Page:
To the victims of the Pulse Shooting in Orlando, FL on June 12, 2016.

Yesterday I walked with you down that beaten asphalt path,
my brother-sister-neighbor-father-mother-friend,
because you were brave and you were you, the way God loved you.

You were a warrior — you fought for us, for us who had no voice —
and you were and are and forevermore will be with us
in our hearts, in our minds, in our tears, in our songs,
in our voice-cracking-sobbing-breaking whispers because

sometimes courage is written in bloodstains.
Sometimes fear is written with bullets.

Sometimes prayers feel so weak,
running down saline rivers to a crumpled-up whimper:
“Lord, in Your mercy.”

Continue reading “Pulse”


Running from Joy

And I will give you a new heart, and a new spirit I will put within you. And I will remove the heart of stone from your flesh and give you a heart of flesh.
— Ezekiel 36:26 (ESV)

I admit: I’m a glutton for self-punishment. Not in the bodily, masochistic sense, but I’m a prototypical perfectionist who sets impossible standards for myself and then proceeds to beat myself up when I inevitably fail to measure up. I was raised with the concept of total depravity — the idea that there is absolutely nothing good in me apart from God, and that anything good is from God alone (which I have no actual part in).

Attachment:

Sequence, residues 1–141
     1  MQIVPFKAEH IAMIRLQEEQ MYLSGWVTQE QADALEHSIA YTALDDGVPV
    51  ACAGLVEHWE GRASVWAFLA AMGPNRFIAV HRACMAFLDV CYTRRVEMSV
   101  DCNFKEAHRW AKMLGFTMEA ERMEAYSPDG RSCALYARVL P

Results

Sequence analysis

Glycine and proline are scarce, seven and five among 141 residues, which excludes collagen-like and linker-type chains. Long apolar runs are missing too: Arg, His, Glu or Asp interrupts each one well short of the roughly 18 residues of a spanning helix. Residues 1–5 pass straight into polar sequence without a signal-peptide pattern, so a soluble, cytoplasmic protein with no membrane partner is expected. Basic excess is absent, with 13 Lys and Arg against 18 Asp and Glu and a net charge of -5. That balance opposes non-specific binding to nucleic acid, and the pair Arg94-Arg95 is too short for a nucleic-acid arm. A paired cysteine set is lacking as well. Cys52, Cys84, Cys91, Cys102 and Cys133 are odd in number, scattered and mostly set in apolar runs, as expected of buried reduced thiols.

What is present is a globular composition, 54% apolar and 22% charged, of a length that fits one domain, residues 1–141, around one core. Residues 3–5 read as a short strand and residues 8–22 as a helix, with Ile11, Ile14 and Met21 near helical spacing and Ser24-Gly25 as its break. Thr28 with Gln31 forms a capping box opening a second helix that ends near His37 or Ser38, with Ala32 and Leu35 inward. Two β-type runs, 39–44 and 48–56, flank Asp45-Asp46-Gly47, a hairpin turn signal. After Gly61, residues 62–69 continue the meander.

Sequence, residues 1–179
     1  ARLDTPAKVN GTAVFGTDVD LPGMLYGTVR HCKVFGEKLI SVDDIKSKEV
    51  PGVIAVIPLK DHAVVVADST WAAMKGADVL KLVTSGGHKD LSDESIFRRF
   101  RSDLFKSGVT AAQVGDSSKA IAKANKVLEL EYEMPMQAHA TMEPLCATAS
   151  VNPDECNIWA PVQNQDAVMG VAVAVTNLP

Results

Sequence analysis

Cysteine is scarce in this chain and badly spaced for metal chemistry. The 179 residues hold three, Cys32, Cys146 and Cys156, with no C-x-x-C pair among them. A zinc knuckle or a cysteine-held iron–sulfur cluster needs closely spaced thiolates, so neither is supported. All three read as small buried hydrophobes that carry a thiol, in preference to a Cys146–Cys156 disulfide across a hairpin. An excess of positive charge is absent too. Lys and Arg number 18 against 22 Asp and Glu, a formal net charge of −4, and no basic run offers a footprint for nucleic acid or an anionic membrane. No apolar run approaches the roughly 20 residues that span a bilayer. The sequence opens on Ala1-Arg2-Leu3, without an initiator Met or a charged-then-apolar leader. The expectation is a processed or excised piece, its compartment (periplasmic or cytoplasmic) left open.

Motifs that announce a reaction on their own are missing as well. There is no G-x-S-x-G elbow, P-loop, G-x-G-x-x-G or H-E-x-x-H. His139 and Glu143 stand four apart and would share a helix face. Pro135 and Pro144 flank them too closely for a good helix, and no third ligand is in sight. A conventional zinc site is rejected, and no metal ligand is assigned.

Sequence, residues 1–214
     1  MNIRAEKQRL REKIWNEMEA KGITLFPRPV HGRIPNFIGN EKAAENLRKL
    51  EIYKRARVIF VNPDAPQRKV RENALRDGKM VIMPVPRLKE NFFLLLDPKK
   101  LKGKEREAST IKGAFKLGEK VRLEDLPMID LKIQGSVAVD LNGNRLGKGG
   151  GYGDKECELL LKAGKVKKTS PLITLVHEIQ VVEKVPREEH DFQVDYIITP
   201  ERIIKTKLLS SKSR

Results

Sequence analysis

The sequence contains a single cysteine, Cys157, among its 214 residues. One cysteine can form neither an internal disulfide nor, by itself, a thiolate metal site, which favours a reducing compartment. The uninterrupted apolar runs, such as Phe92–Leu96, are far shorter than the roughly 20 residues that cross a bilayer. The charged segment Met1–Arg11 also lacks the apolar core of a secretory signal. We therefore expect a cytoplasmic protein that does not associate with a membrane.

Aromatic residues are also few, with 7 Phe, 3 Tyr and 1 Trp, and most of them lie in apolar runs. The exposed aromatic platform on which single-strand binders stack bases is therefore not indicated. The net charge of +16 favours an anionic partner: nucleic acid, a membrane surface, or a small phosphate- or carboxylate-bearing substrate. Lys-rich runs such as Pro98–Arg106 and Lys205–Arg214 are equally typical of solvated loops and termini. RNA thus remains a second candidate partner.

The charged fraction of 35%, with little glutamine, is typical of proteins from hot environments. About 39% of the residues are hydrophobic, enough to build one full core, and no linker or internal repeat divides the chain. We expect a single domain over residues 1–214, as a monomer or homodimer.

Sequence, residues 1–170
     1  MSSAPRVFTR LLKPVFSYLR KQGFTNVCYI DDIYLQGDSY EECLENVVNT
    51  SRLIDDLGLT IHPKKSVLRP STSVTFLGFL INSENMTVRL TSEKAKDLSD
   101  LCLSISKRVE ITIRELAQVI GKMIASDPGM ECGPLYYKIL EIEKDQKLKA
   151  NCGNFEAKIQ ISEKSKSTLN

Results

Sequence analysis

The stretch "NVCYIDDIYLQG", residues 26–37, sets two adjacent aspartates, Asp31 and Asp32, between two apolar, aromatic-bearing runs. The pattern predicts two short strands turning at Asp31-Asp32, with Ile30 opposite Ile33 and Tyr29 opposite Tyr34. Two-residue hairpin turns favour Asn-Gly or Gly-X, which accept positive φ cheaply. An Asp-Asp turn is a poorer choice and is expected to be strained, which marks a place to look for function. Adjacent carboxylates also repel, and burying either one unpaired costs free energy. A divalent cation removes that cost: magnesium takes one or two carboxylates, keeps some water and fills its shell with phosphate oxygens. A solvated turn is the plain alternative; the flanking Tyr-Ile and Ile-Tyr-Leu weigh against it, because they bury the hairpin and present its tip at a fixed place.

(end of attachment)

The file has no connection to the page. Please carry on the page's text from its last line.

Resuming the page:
Growing up, I internalized this entirely unhealthily. The idea that I was nothing but a worthless sinner may have made the concept of grace easier to grasp, but that never sunk in. I latched on to depravity so obstinately that my self-perception erased most of my humanity. I learned to see myself as a monster beyond redemption, every prayer and every good deed a worthless attempt to earn the affection of the Father who would never love me. And who was I to question that?

Continue reading “Running from Joy”

CSP, Part 1: Foreigner in the Fatherland | 外人在祖国里

Yay blurriness?
A sloppy selfie taken after arriving in Hong Kong.

The last three months of my life were not what I was expecting. Romantic ideals of getting in touch with my “inner Chinese culture” and exploring the depths of the language were weighed down by social anxiety, isolation from loved ones, and overarching feelings of incompetence, and what I thought I was getting into quickly turned into a fight simply to stay in one piece. But it was precisely in those dark times that I learned the most about myself, about my heritage, and most of all about God.

No amount of mental preparation could have spared me the radical transformation to be effected in myself — the bursting of an ideological bubble so long held firm by a self-contained and sheltered existence — yet in the end I find that’s precisely what I needed after all. Between all the fun times and the fascinating explorations, the semester invisibly held me through a burnishing flame that not only melted away the façade of who I thought I was, but further illuminated the God who all people are made in the image of.

The China Studies Program (CSP), sponsored by BestSemester through the Council of Christian Colleges and Universities (CCCU), was a three-part abroad semester hosted by Xiamen University (厦门大学 Xiàmén Dàxué, often abbreviated as 厦大 Xiàdà or XMU) on the southeast coast of Fujian province, right across the Strait of Taiwan.

After a brief orientation period in Hong Kong, Segment 1 focused on academics in Xiamen. During this month I took courses on Chinese Language, Intercultural Communication, Contemporary Society & Public Policy, and Tai Chi. This post will focus largely on Segment 1.